"When I became the bishop of Ogdensburg, in my first address at my installation as bishop, I spoke about evangelization. I then repeated that when I came here (to Arlington)."

Close to retirement
Bishop Loverde turns 73 Sept. 3. Canon law requires him to submit his letter of resignation to the pope at age 75.
"Certainly to the degree that it is possible, I would like to have our people grow with me in our faith, that we will be more alive and fervent, more in love with the Lord Jesus," he said when asked what he would like to accomplish before retirement.
"I would like us be clearer witnesses to the Lord in our communities, in our interactions with society, which means to proclaim with even greater insistence the beauty of life, the reality of true marriage between a husband and wife, and the defense of religious liberty."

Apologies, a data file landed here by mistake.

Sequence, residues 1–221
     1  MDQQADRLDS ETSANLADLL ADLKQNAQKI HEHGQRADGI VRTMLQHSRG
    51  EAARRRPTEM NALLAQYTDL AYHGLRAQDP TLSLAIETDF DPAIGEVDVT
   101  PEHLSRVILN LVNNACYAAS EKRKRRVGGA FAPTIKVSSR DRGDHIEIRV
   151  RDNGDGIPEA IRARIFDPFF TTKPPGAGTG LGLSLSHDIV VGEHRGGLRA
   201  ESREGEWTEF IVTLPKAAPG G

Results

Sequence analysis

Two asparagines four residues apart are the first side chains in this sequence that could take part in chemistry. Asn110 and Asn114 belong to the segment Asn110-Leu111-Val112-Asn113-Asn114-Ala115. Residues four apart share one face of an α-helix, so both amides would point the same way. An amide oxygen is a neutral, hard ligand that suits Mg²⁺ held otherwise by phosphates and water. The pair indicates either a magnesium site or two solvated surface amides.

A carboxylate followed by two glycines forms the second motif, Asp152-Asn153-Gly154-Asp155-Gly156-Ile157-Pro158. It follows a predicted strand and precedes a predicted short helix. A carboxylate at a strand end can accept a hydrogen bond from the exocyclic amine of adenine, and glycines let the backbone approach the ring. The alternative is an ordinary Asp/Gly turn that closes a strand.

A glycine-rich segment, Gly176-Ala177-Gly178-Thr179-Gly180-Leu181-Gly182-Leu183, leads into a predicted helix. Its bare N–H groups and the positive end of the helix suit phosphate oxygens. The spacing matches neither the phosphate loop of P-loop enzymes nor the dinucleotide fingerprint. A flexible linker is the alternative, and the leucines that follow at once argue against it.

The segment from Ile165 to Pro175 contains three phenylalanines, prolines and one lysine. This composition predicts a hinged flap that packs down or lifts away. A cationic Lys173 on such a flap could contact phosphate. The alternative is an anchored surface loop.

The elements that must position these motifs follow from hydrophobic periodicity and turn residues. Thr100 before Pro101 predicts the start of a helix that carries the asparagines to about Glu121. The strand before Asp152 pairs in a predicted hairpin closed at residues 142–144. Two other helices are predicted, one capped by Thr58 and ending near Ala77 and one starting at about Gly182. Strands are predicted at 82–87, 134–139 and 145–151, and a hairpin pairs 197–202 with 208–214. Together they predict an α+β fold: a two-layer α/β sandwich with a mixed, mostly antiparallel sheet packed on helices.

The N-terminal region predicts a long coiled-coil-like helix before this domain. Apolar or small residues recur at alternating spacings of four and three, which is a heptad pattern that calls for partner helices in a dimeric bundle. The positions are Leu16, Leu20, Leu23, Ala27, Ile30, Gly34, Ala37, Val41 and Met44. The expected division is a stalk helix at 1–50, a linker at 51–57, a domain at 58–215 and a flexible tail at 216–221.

There are other more tangible goals as well.
"I'd like to see us continue to develop our resources so that we have a very well-funded church in terms of its temporal goods," the bishop said. "I'd like to see our tuition assistance endowment become even stronger. That means we need to have additional funds in it."
He would like to see the diocese continue to increase the number of vocations, both to the priesthood and religious life.
"I would like to see at least one or two more parishes established in places where we are experiencing growth," he said. "I also would want to be sure that our retired priests are well provided for. We do have a retirement home for them, and it's a great place to live. We are also working to more adequately finance the Priests' Pension Fund."